During game play, sponsor logos are visible on players, across field-level signage, digital signage, in the stands and elsewhere. Relo detects and tracks those logos and signage visible to audiences—during broadcast, streaming video and in content shared via social media—to determine sponsor ROI. It’s working with MLB, NBA, NFL, NHL and MLS. Married to VideoAmp’s ratings information helps the leagues, media companies and advertisers a better understanding of who was reached and how, said Bryan Goski, vp of sell-side engagement at VideoAmp. 

“Sports is a big pillar of ours that we’re focused on as we come into the fall,” said Goski. “We were looking for partners that could expand our sports capabilities. And what Relo does is it values digital signage and sponsorships within programs and puts a dollar value on it. And what we do is we provide them content ratings that they’ll use in their calculation to value those sponsorships.” 

Goski agreed that Messi — who he referred to as the GOAT — will be a huge ratings draw to MLS and its TV partners. “I wouldn’t be surprised if we saw much higher ratings, not only on linear, but obviously digital cross-platform ratings spikes as a result of these stars that David Beckham has brought over and architected this pretty amazing MLS League,” he added. 

Color by numbers

Connected TV is still attracting ad spending, but growth is three times slower than that of retail media in the last two years. As WARC Media noted in its latest global advertising report, the problem is it’s not attracting new dollars to the platform, and media owners are competing for the same TV budgets instead of winning spending from digital channels. — Antoinette Siu

More findings:

  • CTV ad spending is expected to reach $25.9 billion globally in 2023, up a still-impressive 13.2% compared to 2022.
  • For comparison, retail media took 10 years to grow tenfold, while the same size of the CTV ad market grew threefold in the same timeframe.
  • CTV ad investment forecasts in 2023 remain a small part of the $526.8 billion in the global pure-play internet ad market or the estimated $115.2 billion ad revenue of Meta.

Takeoff & landing

  • Dentsu underwent a major reorganization under new Americas CEO Michael Komasinski, resulting in the departure of Doug Rozen as CEO of Dentsu Media Americas as well as several promotions. Dentsu is putting Merkle’s media capabilities under iProspect to be led by Liz Rutgersson; performance creative capabilities under Dentsu Creative to be co-led by Amy Thorne and Octavio Maron; and Dentsu’s media analytics capabilities under Merkle, led by Shirli Zelcer. Finally, Komasinski tapped Danielle Gonzalez, iProspect’s CEO, to be Dentsu’s chief growth officer.
  • IPG’s UM launched Shoptimizer, a retail budget allocation and optimization tool that aims to simplify commerce planning. UM said testing of the new tool led to 12-15% increases in sales for clients using it.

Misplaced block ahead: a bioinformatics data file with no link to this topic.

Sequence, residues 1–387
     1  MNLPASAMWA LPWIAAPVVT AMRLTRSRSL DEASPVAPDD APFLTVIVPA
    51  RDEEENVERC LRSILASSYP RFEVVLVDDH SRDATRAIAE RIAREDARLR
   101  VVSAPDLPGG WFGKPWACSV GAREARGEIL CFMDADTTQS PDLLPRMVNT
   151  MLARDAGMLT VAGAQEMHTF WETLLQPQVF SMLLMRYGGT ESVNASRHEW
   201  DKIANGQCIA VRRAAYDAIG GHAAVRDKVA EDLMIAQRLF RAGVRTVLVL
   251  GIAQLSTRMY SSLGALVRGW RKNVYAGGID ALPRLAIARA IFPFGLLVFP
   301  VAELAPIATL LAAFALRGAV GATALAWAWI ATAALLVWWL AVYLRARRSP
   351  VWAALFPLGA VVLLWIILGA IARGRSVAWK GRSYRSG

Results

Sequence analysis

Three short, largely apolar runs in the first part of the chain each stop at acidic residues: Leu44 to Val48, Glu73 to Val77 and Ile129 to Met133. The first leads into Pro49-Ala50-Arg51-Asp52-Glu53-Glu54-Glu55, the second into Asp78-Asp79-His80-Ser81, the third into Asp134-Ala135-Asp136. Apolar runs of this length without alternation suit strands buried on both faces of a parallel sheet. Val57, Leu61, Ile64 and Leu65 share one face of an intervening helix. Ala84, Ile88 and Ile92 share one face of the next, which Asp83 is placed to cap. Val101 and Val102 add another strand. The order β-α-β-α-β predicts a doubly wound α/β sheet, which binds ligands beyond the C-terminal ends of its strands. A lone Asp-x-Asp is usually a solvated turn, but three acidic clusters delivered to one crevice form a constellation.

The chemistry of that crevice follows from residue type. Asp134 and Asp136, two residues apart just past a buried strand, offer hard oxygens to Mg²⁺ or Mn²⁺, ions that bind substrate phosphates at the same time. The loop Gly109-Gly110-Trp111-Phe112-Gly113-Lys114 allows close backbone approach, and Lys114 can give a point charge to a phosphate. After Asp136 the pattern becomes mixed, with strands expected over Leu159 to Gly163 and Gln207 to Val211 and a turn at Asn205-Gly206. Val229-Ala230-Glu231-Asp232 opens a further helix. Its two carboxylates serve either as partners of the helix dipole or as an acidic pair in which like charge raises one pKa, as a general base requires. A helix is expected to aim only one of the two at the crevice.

• Stagwell’s Assembly landed paid media AOR duties for Brooks running shoes for North America; and the parent company added Qintess, a Brazilian tech company, to its global affiliate network of agencies. 
  • Independent media agency Camelot and video ratings firm iSpot.TV struck a multi-year agreement that makes iSpot the preferred video measurement platform for Camelot’s clients. Services include second-by-second attention measurement for creative, real-time competitive intelligence, business outcomes and conversion tracking.

Direct quote

”Digital out-of-home has evolved from simply showing ads to providing content and other valuable services to consumers. These screens offer platforms such as TikTok, and the brands on those platforms, new ways to reach, engage and interact with users. They want to place their content on these highly valuable media properties because that’s where their audience is spending time.”

— Leslie Lee, svp of marketing, Vistar Media, on DOOH’s appeal to other platforms using it for exposure.

Speed reading

  • As Antoinette Siu’s Color by numbers stats above indicate, connected TV has lost some of its allure relative to other media channels. Senior ad tech reporter Ronan Shields assesses Wall Street’s cooled reaction to CTV growth through the prism of programmatic firms. 
  • Antoinette used a Razorfish study to assess the differences between Gen Z and Gen Alpha, which are too often seen as one cohort when they’re not. 
  • Need to know what “digital twinning” is in the mushrooming world of generative AI? Senior marketing reporter Kimeko McCoy tells you all you need to know.